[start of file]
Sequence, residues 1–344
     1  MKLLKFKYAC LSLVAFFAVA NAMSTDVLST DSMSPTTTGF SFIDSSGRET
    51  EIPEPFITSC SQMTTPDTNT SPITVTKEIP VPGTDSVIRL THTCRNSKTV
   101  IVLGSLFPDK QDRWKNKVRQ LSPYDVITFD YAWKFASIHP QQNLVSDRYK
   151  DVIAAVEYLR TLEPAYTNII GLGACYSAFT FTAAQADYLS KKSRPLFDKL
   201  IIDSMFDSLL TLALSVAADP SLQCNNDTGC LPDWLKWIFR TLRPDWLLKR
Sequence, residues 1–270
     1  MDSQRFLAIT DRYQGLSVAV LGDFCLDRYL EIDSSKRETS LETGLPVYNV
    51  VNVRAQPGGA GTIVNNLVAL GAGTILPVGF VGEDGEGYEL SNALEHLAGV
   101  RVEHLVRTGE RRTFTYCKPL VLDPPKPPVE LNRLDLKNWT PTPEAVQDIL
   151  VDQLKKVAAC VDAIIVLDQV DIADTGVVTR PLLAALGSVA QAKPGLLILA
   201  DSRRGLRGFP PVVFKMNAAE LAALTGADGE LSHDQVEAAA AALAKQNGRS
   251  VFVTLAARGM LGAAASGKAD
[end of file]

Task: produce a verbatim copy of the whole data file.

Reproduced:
Sequence, residues 1–344
     1  MKLLKFKYAC LSLVAFFAVA NAMSTDVLST DSMSPTTTGF SFIDSSGRET
    51  EIPEPFITSC SQMTTPDTNT SPITVTKEIP VPGTDSVIRL THTCRNSKTV
   101  IVLGSLFPDK QDRWKNKVRQ LSPYDVITFD YAWKFASIHP QQNLVSDRYK
   151  DVIAAVEYLR TLEPAYTNII GLGACYSAFT FTAAQADYLS KKSRPLFDKL
   201  IIDSMFDSLL TLALSVAADP SLQCNNDTGC LPDWLKWIFR TLRPDWLLKR
Sequence, residues 1–270
     1  MDSQRFLAIT DRYQGLSVAV LGDFCLDRYL EIDSSKRETS LETGLPVYNV
    51  VNVRAQPGGA GTIVNNLVAL GAGTILPVGF VGEDGEGYEL SNALEHLAGV
   101  RVEHLVRTGE RRTFTYCKPL VLDPPKPPVE LNRLDLKNWT PTPEAVQDIL
   151  VDQLKKVAAC VDAIIVLDQV DIADTGVVTR PLLAALGSVA QAKPGLLILA
   201  DSRRGLRGFP PVVFKMNAAE LAALTGADGE LSHDQVEAAA AALAKQNGRS
   251  VFVTLAARGM LGAAASGKAD